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tomnackid

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It seems that discourse is not important here. I presented several of NASA arguments as to why they chose the Ares system, but you are so fixated on this private enterprise, space infrastructure issue that you simply ignore them.<br /><br />Who is going to build this multi billion dollar infrastructure? If you were a CEO would you go to your stockholders and tell them that you want to spend tens of billions of their dollars on a space infrastructure system, and oh by the way the only firm customer for the next 20 years is NASA? Its not going to happen. I read Heinlien growing up too, but the fact is you can't build a rocket in your garage anymore than Columbus could have sailed across the Atlantic without the financial support of the Spanish crown. <br /><br />VSE is a program of EXPLORATION. We have bearely begun to learn how to live in space and we know virtually nothing about living on the moon for any length of time. VSE is not about building space factoreis and fueling stations. Would you have told Lewis and Clark that they should wait for someone to buld a highway or a railroad or some other complex infrastructure into the American west before they went exploring? Was their expidtion a useless "one-off" mission becaus there original mules and boats didn't make it back?<br /><br />PS: ther is no honor in wallowing in your ignorance. Space exploration has no place for people who "don't cotton to none of that fancy book learnin."<br /> <br />PPS: I'm not quite sure what bringing up 3DSMAX (I use Truespace myself) or nasal surgery has to do with a space exploration forum, but orbital mechanics and vectors certainly has a place here. <br /><br />PPS: Who is Lisa Porter? Is she cute? <img src="/images/icons/wink.gif" /><br />
 
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j05h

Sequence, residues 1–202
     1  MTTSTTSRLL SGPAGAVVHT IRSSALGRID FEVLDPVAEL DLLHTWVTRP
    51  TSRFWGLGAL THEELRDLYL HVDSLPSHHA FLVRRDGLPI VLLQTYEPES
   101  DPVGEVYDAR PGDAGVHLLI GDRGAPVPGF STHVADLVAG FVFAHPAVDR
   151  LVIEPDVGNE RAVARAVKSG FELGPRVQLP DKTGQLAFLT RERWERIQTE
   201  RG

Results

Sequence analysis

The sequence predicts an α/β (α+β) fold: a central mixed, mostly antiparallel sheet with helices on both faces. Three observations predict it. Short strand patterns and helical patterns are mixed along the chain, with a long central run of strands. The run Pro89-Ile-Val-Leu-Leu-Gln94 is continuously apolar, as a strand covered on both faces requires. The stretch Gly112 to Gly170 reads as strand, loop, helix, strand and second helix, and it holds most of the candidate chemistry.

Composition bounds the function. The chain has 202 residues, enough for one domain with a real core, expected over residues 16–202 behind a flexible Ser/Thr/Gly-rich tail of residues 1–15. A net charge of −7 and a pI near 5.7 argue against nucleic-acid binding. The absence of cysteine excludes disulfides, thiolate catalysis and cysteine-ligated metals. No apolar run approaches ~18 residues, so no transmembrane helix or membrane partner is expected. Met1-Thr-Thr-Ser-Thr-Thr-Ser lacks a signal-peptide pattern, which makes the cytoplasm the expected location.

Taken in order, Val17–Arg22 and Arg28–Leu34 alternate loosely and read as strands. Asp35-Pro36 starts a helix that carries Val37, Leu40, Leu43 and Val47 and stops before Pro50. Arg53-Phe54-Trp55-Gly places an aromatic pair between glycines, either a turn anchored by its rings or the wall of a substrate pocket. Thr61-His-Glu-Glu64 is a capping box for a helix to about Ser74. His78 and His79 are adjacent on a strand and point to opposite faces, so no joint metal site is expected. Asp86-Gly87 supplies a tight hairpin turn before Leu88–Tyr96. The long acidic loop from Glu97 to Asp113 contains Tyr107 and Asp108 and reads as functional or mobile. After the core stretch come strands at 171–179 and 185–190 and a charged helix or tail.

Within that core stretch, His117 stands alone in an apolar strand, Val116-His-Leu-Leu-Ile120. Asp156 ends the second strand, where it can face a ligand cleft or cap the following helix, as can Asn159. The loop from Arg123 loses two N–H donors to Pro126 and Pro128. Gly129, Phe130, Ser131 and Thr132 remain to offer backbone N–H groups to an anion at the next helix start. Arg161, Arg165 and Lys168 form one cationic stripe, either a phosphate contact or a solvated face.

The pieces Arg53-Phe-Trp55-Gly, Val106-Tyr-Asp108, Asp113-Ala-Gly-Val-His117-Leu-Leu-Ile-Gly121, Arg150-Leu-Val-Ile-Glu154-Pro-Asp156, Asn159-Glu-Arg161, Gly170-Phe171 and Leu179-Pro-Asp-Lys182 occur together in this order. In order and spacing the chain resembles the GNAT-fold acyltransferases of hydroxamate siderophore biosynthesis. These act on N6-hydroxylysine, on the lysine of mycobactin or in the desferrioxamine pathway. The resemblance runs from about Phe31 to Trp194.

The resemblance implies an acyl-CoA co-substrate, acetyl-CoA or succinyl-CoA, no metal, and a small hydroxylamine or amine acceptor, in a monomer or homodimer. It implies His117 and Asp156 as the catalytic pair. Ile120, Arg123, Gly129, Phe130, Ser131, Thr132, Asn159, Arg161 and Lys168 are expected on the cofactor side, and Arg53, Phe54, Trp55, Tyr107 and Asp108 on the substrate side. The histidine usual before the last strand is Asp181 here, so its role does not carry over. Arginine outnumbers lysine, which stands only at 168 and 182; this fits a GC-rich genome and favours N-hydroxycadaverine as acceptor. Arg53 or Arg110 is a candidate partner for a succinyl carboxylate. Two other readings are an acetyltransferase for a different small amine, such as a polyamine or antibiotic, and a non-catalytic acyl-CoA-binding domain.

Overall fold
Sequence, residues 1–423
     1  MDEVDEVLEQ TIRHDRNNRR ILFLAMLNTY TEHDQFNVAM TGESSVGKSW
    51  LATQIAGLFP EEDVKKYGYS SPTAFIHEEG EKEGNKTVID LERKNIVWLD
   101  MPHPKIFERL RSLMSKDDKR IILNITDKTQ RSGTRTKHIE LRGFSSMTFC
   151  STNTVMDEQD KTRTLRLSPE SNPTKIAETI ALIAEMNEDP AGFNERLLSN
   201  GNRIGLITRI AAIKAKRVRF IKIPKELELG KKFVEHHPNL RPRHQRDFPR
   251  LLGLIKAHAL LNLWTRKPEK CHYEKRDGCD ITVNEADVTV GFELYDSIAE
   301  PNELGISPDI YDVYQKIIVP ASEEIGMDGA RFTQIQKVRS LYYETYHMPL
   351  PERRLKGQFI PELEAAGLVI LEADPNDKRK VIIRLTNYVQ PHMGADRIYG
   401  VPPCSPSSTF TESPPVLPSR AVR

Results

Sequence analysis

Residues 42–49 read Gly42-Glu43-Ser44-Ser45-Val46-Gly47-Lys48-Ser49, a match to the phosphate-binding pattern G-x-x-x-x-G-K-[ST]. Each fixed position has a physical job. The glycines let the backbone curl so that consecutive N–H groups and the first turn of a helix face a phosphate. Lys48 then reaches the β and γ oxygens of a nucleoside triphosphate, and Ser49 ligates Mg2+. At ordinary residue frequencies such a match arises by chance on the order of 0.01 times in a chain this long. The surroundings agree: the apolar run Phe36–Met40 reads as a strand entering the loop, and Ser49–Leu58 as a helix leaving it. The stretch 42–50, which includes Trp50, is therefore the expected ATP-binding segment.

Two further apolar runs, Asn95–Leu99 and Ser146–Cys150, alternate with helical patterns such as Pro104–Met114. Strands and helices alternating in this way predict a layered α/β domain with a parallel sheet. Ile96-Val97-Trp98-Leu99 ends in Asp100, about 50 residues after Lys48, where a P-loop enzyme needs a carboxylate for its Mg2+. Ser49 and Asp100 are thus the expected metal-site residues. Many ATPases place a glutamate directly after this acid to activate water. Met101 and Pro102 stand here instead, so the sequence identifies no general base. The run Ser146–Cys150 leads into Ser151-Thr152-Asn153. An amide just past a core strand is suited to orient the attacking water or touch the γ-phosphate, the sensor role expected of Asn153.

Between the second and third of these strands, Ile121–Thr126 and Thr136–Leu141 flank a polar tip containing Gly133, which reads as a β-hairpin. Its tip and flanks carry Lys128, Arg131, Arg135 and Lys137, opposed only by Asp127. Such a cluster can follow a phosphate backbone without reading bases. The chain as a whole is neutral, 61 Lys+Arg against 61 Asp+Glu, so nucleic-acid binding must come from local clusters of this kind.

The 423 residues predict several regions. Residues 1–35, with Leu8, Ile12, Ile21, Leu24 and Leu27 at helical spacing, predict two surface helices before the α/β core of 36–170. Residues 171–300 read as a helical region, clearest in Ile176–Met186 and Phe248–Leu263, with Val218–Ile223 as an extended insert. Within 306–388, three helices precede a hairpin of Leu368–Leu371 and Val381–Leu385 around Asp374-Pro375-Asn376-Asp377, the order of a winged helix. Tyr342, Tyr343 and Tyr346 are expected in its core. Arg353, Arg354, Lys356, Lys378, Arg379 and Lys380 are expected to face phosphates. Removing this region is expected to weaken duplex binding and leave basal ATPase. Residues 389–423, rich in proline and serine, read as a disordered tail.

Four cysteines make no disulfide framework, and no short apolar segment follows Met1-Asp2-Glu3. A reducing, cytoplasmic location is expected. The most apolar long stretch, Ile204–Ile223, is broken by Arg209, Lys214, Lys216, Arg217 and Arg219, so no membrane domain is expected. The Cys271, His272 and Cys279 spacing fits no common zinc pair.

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My motivation comes from this: for the development cost of ARES I, you can buy 100-300 Soyuz seats. (at $50M/6months) I wish their was a commercial US solution instead, but it is commercially available today. <br /><br /><i>> Who is going to build this multi billion dollar infrastructure? If you were a CEO would you go to your stockholders and tell them that you want to spend tens of billions of their dollars on a space infrastructure system, and oh by the way the only firm customer for the next 20 years is NASA? Its not going to happen.</i><br /><br /><br />As a CEO, no I would not pursue that sort of arrangement. It does emphasize why discussing integrated standards/needs makes sense. Imagine the change to GEO markets if a tug was available from an L1 depot? There are a lot of applications that open up with each increment. On-orbit assembly is going to be required eventually, same with various propellant transfers. Not taking that into account with ESAS from the beginning seems nearsighted. Bush didn't preclude that in the VSE and Marburger endorsed it explicitly.<br /><br /><i>>VSE is a program of EXPLORATION. We have bearely begun to learn how to live in space and we know virtually nothing about living on the moon for any length of time. VSE is not about building space factoreis and fueling stations. Would you have told Lewis and Clark that they should wait for someone to buld a highway or a railroad or some other complex infrastructure into the American west before they went exploring? Was their expidtion a useless "one-off" mission becaus there original mules and boats didn't make it back? </i><br /><br />Apollo was the "Lewis and Clark" of space expeditions. What we need is the "Conestoga wagon". VSE is very much about space factories and fuel stations. ESAS, which is NASA's response to the VSE, only proposes a portion of what VSE involves. VSE proposes to open the Solar System to human development. It's about much more than exploration. ESAS is about exploratio <div class="Discussion_UserSignature"> <div align="center"><em>We need a first generation of pioneers.</em><br /></div> </div>